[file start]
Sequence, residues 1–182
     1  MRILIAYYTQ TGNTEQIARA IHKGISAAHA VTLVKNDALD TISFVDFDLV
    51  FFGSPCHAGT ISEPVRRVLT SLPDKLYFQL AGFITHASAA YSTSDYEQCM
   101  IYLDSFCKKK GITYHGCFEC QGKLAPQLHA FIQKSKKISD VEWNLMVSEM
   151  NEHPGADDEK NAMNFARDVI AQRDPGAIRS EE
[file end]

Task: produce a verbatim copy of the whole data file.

Sequence, residues 1–182
     1  MRILIAYYTQ TGNTEQIARA IHKGISAAHA VTLVKNDALD TISFVDFDLV
    51  FFGSPCHAGT ISEPVRRVLT SLPDKLYFQL AGFITHASAA YSTSDYEQCM
   101  IYLDSFCKKK GITYHGCFEC QGKLAPQLHA FIQKSKKISD VEWNLMVSEM
   151  NEHPGADDEK NAMNFARDVI AQRDPGAIRS EE